Techniques for WCAG 2.0

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G18: Ensuring that a contrast ratio of at least 4.5:1 exists between text (and images of text) and background behind the text


Any technology that produces visual output.

This technique relates to:


The objective of this technique is to make sure that users can read text that is presented over a background. For Success Criterion 1.4.3, this technique describes the minimum contrast ratio for text that is less than 18 point (if not bold) and less than 14 point (if bold). For Success Criterion 1.4.5, this technique relaxes the 7:1 contrast ratio requirement for text that is at least 18 point (if not bold) or at least 14 point (if bold).

If the background is a solid color (or all black or all white) then the relative luminance of the text can be maintained by making sure that each of the text letters have 4.5:1 contrast ratio with the background.

If the background or the letters vary in relative luminance (or are patterned) then the background around the letters can be chosen or shaded so that the letters maintain a 4.5:1 contrast ratio with the background behind them even if they do not have that contrast ratio with the entire background.

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For example, if a letter is lighter at the top than it is a the bottom, it may be difficult to maintain the contrast ratio between the letter and the background over the full letter. In this case, the designer might darken the background behind the letter, or a thin black outline (at least one pixel wide) around the letter in order to keep the contrast ratio between the letter and the background above 4.5:1.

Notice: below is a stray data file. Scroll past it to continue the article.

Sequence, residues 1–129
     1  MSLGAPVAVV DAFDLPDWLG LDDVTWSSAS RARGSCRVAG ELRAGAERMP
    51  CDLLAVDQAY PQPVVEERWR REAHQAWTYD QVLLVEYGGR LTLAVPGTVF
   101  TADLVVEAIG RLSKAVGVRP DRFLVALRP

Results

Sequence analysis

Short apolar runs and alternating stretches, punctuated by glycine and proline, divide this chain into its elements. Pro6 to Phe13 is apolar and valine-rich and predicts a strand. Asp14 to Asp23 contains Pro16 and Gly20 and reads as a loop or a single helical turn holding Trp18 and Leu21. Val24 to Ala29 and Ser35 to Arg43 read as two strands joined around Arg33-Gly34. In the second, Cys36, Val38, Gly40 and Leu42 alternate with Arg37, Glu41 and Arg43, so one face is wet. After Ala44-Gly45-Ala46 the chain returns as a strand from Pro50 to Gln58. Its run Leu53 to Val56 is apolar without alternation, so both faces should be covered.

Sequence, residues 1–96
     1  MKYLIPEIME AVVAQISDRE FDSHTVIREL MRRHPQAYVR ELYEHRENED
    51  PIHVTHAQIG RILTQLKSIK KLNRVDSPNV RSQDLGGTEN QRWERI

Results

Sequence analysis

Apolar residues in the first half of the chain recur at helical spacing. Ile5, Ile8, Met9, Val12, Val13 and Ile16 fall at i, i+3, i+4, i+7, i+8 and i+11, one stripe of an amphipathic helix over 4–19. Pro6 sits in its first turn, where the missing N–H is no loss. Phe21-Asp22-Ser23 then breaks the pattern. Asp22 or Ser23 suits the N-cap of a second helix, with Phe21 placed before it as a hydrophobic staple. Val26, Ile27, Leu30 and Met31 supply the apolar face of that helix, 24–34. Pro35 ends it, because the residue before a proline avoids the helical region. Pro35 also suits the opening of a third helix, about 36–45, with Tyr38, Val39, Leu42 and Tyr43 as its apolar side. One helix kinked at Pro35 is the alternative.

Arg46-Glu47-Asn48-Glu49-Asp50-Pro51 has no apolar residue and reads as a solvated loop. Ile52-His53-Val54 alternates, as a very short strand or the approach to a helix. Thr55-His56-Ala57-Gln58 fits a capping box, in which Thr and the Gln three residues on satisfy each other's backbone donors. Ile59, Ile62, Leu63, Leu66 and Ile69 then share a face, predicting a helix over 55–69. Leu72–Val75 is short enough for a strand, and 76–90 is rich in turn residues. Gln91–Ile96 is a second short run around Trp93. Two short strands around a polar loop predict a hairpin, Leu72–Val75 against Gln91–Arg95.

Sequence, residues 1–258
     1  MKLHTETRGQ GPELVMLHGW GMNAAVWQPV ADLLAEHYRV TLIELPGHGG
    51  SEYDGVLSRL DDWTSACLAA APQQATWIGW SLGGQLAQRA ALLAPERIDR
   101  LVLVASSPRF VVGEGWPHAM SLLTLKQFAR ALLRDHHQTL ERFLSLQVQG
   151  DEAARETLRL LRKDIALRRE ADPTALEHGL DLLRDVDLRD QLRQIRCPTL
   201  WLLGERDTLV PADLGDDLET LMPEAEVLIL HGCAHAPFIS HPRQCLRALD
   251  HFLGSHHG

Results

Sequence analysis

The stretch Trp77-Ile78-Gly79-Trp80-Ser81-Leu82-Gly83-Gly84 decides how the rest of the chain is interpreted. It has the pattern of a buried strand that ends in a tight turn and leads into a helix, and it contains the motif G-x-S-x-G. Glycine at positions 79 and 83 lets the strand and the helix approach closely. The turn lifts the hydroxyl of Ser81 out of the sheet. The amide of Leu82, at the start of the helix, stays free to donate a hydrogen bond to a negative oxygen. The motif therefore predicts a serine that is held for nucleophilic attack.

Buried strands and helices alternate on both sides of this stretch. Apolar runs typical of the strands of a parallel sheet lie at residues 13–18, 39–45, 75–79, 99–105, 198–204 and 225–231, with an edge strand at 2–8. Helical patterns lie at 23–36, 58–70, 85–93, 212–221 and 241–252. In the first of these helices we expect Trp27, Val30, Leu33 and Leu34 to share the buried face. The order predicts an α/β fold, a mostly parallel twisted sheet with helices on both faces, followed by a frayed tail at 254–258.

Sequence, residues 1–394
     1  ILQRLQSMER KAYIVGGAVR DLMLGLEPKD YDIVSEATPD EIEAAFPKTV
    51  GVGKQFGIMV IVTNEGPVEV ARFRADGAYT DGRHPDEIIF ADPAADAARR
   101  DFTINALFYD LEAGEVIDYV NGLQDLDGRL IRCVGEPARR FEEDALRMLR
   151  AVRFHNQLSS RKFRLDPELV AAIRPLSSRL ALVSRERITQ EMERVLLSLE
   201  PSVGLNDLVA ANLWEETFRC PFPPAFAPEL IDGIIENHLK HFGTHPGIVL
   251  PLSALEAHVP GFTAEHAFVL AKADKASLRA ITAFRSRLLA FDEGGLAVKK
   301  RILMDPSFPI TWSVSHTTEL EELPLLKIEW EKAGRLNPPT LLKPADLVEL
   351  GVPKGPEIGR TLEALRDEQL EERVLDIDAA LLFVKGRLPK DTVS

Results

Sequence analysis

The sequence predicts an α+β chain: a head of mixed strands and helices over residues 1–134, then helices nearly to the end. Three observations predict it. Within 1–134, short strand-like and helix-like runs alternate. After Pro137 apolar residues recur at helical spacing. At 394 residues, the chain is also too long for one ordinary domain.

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The contrast ratio can sometimes be maintained by changing the relative luminance of the letters as the relative luminance of the background changes across the page.

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For example, if a page is very light on one edge and fades to very dark on the other edge, there is no color that can run across the page and meet the contrast guidelines on both edges. One way of addressing this would be to change the lightness of the letters as well so that each letter always meets the contrast ratio for the background that is immediately behind the letter.

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Another method is to provide a halo around the text that provides the necessary contrast ratio if the background image or color would not normally be sufficiently different in relative luminance.



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  1. Measure the relative luminance of each letter (unless they are all uniform) using the formula:

    • L = 0.2126 * R + 0.7152 * G + 0.0722 * B where R, G and B are defined as:

      • if RsRGB <= 0.03928 then R = RsRGB/12.92 else R = ((RsRGB+0.055)/1.055) ^ 2.4

      • if GsRGB <= 0.03928 then G = GsRGB/12.92 else G = ((GsRGB+0.055)/1.055) ^ 2.4

      • if BsRGB <= 0.03928 then B = BsRGB/12.92 else B = ((BsRGB+0.055)/1.055) ^ 2.4

      and RsRGB, GsRGB, and BsRGB are defined as:

      • RsRGB = R8bit/255

      • GsRGB = G8bit/255

      • BsRGB = B8bit/255

      The "^" character is the exponentiation operator.

    Note: For aliased letters, use the relative luminance value found two pixels in from the edge of the letter.

  2. Measure the relative luminance of the background pixels immediately next to the letter using same formula.

  3. Calculate the contrast ratio using the following formula.

    • (L1 + 0.05) / (L2 + 0.05), where

  4. Check that the contrast ratio is equal to or greater than 4.5:1

Expected Results